SWaN Investors owner Fred Schaufeld speaks to Harpers Ferry Town Council members about delays in efforts to build on the site of the former Hilltop House Hotel.

HARPERS FERRY – The developers of the Hill Top say they want town officials who aren’t obstacles to the hotel project first proposed in 2009, but rather partners.

At Monday night’s Town Council meeting, Hill Top project manager Laurel Ziemianski voiced her frustration at what she called unnecessary delays, unproductive demands and “false and inflammatory statements” aimed at SWaN Investors by some council members and Mayor Wayne Bishop.

“The time for behaviors which attempt to delay, publicly defame or financially bleed the developers or support of this project should have long since ended,” she said in a prepared statement. “You members of this town’s governance who personally or by proxy fan the flames of this should realize that you’re doing this community a disservice.

“We need partners, not adversaries to move this project forward.”

Fred Schaufeld, a principal of SWaN Investors, and his wife Karen Schaufeld, another Hill Top project manager, also attended Monday’s meeting. Fred Schaufeld spent about 30 minutes talking about his commitment to the project and answering questions from the council.

The Hill Top project isn’t a typical money-making undertaking for SWaN, an entity with a host of successful investments that include Pinterest, Kind, Custom Ink, Cava and many others.

“We’re trying to build something that is financially viable” with the Hill Top, Schaufeld said. “This is the lowest return, highest risk, least liquid thing by a long shot that I’m involved with. This would never be something I would bring our other investors into who are not specifically passionate about this project.”

The $130 million project would include about $66 million put in by SWaN, the Schaufeld family and other investors close to the Shaufelds – money that would never be recovered if the project ultimately isn’t profitable, Schaufeld said.

“We need a partnership,” he said. “We go in and people see nothing but discord between us and [the town]. It makes it really, really tough to get it done.”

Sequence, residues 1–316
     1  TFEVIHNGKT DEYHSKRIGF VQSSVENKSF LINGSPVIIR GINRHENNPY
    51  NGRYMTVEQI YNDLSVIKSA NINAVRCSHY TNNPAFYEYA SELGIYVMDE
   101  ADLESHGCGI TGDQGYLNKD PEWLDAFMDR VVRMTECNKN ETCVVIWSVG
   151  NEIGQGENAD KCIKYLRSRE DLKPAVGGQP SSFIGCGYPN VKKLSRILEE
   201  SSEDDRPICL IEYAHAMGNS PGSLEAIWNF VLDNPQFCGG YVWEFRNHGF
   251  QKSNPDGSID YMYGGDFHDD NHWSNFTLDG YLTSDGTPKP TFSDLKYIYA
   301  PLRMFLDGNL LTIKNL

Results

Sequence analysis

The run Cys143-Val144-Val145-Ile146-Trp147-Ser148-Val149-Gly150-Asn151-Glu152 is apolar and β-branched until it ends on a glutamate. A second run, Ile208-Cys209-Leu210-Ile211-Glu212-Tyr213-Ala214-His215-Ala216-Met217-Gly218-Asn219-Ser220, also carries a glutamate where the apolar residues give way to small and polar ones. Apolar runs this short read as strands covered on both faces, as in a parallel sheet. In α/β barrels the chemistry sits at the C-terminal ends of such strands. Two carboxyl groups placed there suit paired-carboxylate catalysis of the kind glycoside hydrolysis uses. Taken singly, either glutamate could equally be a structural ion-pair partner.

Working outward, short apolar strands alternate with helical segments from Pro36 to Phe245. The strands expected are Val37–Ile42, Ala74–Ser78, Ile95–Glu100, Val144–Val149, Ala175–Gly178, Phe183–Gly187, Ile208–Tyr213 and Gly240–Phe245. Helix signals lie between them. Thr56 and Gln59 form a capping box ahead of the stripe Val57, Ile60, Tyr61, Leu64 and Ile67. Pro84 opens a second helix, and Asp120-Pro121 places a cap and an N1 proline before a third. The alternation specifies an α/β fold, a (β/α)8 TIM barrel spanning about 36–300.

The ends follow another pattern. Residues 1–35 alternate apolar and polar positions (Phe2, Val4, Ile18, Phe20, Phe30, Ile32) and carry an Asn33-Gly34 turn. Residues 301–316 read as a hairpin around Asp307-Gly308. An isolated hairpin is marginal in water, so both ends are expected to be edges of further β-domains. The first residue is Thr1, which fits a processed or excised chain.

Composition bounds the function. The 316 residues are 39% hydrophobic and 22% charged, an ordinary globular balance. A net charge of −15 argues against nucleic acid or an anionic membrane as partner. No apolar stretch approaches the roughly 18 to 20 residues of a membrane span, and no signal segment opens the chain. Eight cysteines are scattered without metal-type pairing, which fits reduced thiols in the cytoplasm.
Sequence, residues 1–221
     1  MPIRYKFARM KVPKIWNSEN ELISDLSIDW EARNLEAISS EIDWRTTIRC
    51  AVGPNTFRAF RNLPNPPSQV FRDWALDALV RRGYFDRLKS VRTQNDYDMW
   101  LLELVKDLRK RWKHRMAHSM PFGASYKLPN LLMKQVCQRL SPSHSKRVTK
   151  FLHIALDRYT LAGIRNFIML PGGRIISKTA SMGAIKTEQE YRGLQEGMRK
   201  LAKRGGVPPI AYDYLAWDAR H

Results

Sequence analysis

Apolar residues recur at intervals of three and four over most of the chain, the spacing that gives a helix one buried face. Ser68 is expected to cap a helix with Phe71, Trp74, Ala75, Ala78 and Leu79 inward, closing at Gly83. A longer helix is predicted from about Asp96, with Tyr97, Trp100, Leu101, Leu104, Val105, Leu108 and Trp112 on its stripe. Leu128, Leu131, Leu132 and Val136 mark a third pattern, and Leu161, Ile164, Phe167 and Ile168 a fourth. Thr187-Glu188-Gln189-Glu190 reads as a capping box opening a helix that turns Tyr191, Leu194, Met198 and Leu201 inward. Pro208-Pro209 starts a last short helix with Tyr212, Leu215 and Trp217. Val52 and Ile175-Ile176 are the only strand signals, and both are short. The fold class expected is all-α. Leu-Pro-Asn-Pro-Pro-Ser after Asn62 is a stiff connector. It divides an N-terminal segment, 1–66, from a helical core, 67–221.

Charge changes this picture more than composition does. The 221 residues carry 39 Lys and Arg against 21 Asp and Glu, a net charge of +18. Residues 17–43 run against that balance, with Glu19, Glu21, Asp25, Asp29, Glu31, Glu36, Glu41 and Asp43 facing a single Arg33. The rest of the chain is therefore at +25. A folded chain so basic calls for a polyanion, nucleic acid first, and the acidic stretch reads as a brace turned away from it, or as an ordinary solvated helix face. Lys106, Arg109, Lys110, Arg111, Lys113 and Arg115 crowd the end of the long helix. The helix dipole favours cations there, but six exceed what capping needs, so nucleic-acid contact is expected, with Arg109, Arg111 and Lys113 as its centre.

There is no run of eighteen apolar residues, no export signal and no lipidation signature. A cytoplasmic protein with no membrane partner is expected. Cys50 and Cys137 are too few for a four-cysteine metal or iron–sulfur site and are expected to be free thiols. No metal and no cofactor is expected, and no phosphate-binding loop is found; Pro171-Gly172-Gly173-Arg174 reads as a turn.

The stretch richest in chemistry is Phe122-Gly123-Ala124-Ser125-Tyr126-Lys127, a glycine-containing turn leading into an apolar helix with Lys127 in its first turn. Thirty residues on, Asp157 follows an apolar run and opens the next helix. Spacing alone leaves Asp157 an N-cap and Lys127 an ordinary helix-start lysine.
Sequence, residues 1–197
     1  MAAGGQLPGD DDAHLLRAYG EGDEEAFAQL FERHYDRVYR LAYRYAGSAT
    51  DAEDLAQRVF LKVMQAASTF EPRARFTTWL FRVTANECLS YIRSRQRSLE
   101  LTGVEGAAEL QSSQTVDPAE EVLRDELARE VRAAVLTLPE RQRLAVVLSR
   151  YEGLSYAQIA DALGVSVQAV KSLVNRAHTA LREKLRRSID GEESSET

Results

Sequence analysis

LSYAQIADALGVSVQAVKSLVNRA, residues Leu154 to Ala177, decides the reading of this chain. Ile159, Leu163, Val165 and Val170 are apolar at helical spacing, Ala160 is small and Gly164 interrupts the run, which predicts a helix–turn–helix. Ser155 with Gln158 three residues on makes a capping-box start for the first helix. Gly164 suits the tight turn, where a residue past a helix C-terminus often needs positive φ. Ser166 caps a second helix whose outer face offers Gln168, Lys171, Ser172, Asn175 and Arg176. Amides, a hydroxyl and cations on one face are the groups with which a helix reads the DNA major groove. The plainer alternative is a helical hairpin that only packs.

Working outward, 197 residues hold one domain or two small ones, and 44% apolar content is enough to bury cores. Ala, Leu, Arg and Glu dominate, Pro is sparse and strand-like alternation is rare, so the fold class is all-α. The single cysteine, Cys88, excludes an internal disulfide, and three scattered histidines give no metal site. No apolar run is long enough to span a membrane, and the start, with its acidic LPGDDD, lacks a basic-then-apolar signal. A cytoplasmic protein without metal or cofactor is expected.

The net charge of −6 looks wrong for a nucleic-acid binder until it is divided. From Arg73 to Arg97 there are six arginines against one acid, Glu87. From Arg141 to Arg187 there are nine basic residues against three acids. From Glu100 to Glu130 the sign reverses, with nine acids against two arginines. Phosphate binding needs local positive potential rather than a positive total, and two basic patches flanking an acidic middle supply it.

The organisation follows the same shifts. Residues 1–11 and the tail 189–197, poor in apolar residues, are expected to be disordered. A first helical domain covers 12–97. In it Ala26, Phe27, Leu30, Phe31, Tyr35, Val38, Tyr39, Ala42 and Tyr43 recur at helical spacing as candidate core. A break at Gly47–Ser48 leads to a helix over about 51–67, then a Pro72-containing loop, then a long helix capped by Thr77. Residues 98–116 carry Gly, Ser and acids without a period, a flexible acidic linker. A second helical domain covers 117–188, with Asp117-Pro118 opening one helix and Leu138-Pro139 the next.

Ziemianski said SWaN wants to build a 129-room luxury resort, not start over with a smaller version as some council members have suggested.  

“If the voters of this town want to end this effort, they can send us their message at the ballot box,” she said, referring to the town’s June 11 election that could put newcomers in the offices of mayor, recorder and all five council seats.

Bishop, who is seeking a second term, did not respond to Ziemianski’s comments. But at the outset of the council meeting, he spent about five minutes discussing what he sees as personal attacks about his opposition to the Hill Top. He also read from letters of support from supporters who view the 129-room hotel project as too large.

Bishop also distributed documents showing a complaint filed against him with the West Virginia Ethics Commission has been dismissed as unsubstantiated.

“I just wanted to share all of those notes and that news with everyone in the meeting,” he said.

Midge Flinn Yost, who is running for re-election to Town Council, also took on Ziemianski’s characterization of the Town Council as an obstacle to progress.

After Yost asked whether Fred and Karen Schaufeld agreed with Ziemianski’s statements and the couple said they did, Yost spent about six minutes, nearly without interruption, voicing her point of view.

“I’m sorry that you feel that way,” Yost said, addressing Ziemianski and the Schaufelds. “It’s not reality. … We have a whole slew of information to show you that we’ve been trying to work towards making this hotel – or not this exact [hotel] with everything that you have, because we know there are all kinds of issue with the statement of conformity … but a hotel, a successful hotel, happen in Harpers Ferry.”

Yost, who has suggested several times that SWaN redraft its concept plan for “more creative” one, said she and other council members have been working many hours and conscientiously on the Hill Top. The councilwoman said SWaN has contributed to delays with “slow” responses to council requests.

While praising the Schaufeld’s passion for the project, Yost said SWaN representatives have fostered a “false narrative” about opposition to the Hill Top from her, the mayor and other council members.

She said she has been unfairly criticized by SWaN representatives. “Many of us have been smeared,” she said.

“You guys have so much, so much resources at your fingertips and also life experience. So really, like, you look around and you want to shoot daggers at me? Really? You know, come on.”

The Schaufelds and SWaN purchased the hotel site for about $10 million in 2008. Plans to first restore the hotel were found to be impossible because of decades of maintenance work that had been put off.

SWaN’s plans for a new hotel have been delayed for nearly a decade, initially over criticism of the size of the hotel. After town officials OK’d zoning regulations for the property, SWaN in 2018 offered a scaled-down proposal.


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